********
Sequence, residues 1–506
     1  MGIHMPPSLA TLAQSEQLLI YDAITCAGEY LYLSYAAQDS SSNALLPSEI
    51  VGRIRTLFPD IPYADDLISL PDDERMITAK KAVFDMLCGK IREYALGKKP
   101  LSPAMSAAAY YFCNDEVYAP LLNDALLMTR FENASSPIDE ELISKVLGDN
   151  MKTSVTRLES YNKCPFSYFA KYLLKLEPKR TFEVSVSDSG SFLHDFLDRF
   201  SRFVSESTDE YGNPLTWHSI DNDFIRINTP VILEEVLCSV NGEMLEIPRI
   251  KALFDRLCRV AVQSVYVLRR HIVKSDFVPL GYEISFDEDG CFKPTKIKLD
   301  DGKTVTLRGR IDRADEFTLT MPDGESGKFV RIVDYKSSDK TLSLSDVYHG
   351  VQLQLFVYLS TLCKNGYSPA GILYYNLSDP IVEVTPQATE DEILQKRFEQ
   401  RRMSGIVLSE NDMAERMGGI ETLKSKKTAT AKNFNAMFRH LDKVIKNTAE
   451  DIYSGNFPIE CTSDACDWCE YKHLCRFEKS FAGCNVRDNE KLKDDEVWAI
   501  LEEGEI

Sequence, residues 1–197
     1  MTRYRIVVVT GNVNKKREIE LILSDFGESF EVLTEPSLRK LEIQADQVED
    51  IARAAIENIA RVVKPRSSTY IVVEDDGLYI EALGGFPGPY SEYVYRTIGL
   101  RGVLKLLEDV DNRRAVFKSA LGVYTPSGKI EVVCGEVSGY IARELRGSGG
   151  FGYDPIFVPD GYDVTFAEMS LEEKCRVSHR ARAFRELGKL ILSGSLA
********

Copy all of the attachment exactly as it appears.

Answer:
Sequence, residues 1–506
     1  MGIHMPPSLA TLAQSEQLLI YDAITCAGEY LYLSYAAQDS SSNALLPSEI
    51  VGRIRTLFPD IPYADDLISL PDDERMITAK KAVFDMLCGK IREYALGKKP
   101  LSPAMSAAAY YFCNDEVYAP LLNDALLMTR FENASSPIDE ELISKVLGDN
   151  MKTSVTRLES YNKCPFSYFA KYLLKLEPKR TFEVSVSDSG SFLHDFLDRF
   201  SRFVSESTDE YGNPLTWHSI DNDFIRINTP VILEEVLCSV NGEMLEIPRI
   251  KALFDRLCRV AVQSVYVLRR HIVKSDFVPL GYEISFDEDG CFKPTKIKLD
   301  DGKTVTLRGR IDRADEFTLT MPDGESGKFV RIVDYKSSDK TLSLSDVYHG
   351  VQLQLFVYLS TLCKNGYSPA GILYYNLSDP IVEVTPQATE DEILQKRFEQ
   401  RRMSGIVLSE NDMAERMGGI ETLKSKKTAT AKNFNAMFRH LDKVIKNTAE
   451  DIYSGNFPIE CTSDACDWCE YKHLCRFEKS FAGCNVRDNE KLKDDEVWAI
   501  LEEGEI

Sequence, residues 1–197
     1  MTRYRIVVVT GNVNKKREIE LILSDFGESF EVLTEPSLRK LEIQADQVED
    51  IARAAIENIA RVVKPRSSTY IVVEDDGLYI EALGGFPGPY SEYVYRTIGL
   101  RGVLKLLEDV DNRRAVFKSA LGVYTPSGKI EVVCGEVSGY IARELRGSGG
   151  FGYDPIFVPD GYDVTFAEMS LEEKCRVSHR ARAFRELGKL ILSGSLA